Delhi/Mumbai: Investigators Friday searched a number of
locations and picked up about a dozen suspected operatives of the
home-grown Islamist terror organisation Indian Mujahideen as
authorities were still looking for leads in the probe into the
deadly triple blasts that hit Mumbai Wednesday.
As officials claimed that no definite clue was found two days
after the bombings, informed sources told IANS that multiple raids
were conducted following a suspicion that it may have been an
operation of the Indian Mujahideen modules from Hyderabad,
Karnataka and Jharkhand with the help of some local support.
They said 12 suspects of the terror outfit, which had previously
owned up responsibility for similar terror strikes in Indian
cities, were picked up from various locations across the country
in the search operations.
The sources said the outfit may have formed a new module with
recruits from varous cities after keeping a low profile in the
Police sources in Jharkhand capital Ranchi told IANS that a team
of the National Investigation Agency (NIA) searched the home of
Manzar Imam in connection with the Mumbai bombings that killed 17
However, Imam, said to be in his 30s, had gone out for some
treatment when the team from India's premier anti-terror probe
agency searched his home. The sources said the NIA sleuths spoke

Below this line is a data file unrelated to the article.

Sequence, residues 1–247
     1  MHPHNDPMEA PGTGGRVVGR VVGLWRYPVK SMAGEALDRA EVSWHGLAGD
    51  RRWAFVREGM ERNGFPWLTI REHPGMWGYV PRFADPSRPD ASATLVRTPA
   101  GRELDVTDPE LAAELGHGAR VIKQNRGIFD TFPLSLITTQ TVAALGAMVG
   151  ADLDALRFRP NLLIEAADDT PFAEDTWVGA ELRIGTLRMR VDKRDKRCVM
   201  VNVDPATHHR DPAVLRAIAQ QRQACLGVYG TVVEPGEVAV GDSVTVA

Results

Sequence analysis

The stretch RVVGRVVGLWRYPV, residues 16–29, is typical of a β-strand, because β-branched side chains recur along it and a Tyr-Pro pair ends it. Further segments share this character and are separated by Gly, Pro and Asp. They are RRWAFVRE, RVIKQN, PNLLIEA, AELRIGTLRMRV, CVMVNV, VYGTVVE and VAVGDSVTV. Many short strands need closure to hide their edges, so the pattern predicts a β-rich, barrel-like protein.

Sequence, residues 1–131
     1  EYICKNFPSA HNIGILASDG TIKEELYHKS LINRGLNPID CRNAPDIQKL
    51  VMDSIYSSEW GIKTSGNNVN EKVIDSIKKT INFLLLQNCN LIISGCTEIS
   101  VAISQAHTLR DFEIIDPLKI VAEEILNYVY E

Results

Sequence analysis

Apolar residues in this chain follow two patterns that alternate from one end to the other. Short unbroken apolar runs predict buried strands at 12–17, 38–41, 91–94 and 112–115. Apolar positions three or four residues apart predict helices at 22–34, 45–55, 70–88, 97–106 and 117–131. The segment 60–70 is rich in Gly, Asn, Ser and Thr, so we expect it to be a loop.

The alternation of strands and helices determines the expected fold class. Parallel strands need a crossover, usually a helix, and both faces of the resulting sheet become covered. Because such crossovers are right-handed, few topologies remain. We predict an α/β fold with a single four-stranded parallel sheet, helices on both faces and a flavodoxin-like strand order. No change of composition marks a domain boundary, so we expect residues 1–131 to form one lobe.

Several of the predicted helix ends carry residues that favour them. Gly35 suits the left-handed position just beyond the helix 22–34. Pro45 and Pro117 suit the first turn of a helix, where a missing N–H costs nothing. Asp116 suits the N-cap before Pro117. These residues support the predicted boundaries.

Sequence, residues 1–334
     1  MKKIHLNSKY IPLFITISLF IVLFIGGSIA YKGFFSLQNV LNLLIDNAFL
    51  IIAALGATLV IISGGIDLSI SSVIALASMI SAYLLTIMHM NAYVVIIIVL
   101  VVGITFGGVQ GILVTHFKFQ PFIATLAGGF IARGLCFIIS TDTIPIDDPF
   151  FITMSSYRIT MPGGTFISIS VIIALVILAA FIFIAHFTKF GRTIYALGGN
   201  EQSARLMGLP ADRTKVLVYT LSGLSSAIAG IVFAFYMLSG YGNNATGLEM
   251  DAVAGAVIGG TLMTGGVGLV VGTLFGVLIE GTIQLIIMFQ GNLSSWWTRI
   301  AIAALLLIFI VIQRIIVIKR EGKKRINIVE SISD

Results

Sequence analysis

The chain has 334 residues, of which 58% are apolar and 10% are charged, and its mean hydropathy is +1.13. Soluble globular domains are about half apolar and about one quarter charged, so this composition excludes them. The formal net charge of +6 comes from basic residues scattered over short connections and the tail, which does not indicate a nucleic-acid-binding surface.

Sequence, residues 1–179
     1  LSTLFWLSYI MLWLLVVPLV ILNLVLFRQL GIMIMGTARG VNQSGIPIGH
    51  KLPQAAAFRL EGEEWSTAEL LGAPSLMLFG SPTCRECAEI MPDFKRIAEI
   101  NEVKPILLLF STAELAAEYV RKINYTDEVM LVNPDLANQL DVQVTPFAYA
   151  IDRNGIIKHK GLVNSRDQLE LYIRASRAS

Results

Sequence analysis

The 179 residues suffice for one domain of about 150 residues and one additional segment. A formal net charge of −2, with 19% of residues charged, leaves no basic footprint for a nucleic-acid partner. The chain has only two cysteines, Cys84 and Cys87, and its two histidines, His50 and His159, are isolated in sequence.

to his family and searched his computer for information.
Imam, the sources said, is a neighbour and friend of Danish, whose
name figured in the probe into the 2008 Ahmedabad serial bombings,
in which at least 50 people were killed.
"My son is being implicated as he was a friend of Danish," said
Manzar's father Ali Imam.
According to the sources, Danish's mail was tracked by
investigating agencies who believed that some Ranchi youth were
associated with the Indian Mujahideen.
The NIA sleuths have also been sent to Karnataka and Hyderabad
where they are probing the recent activities of the suspects of
the Indian Mujahideen and Students Islamic Movement of India
Sources said that examination of the CCTV footage, collected from
Wenesday evening's blast sites, has so far hinted that the
terrorists who planted the bombs may not have been locals from
The sources said that the Intelligence Bureau had received an
input from Hyderabad in February that some Indian Mujahideen men
were planning to strike.
But the information could not be followed up because the
terrorists have stopped using cellphones and emails, they said,
and added that they may have met in person.
The investigators are also working on a theory that the
terrorists, who could be more than one, who planted the bombs may
have used a "safe house" in areas near the blast sites in Mumbai
to manufacture the bombs.
The theory is based on the fact that the bombs were Improvised
Explosive Devices made with ammonium nitrate and fuel oil, called
ANFO. The sources added that it is difficult and dangerous to
travel long distances with the prepared IED as it is unstable and
can detonate by even a slight spark.
Even police patrolling at various places in and around Mumbai is
so intense that the bombers may not have taken the risk of being
caught with a bomb, they said.
Two of the three blast sites - Zaveri Bazaar and Opera House are
separated by a little over a kilometre and Dadar, the third site,
is about 12 km away.
That means, if a "safe house" was used it could be close to or
around Zaveri Bazaar or Opera House.